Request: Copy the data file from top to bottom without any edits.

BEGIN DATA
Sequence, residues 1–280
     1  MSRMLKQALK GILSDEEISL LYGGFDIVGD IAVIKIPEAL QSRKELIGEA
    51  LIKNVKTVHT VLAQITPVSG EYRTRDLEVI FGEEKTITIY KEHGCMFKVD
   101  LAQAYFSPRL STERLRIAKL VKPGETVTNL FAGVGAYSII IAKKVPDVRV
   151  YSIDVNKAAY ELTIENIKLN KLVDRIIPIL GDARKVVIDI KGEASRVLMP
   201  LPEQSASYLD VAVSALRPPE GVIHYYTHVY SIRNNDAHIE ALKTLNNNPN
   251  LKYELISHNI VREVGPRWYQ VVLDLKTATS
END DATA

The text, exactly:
Sequence, residues 1–280
     1  MSRMLKQALK GILSDEEISL LYGGFDIVGD IAVIKIPEAL QSRKELIGEA
    51  LIKNVKTVHT VLAQITPVSG EYRTRDLEVI FGEEKTITIY KEHGCMFKVD
   101  LAQAYFSPRL STERLRIAKL VKPGETVTNL FAGVGAYSII IAKKVPDVRV
   151  YSIDVNKAAY ELTIENIKLN KLVDRIIPIL GDARKVVIDI KGEASRVLMP
   201  LPEQSASYLD VAVSALRPPE GVIHYYTHVY SIRNNDAHIE ALKTLNNNPN
   251  LKYELISHNI VREVGPRWYQ VVLDLKTATS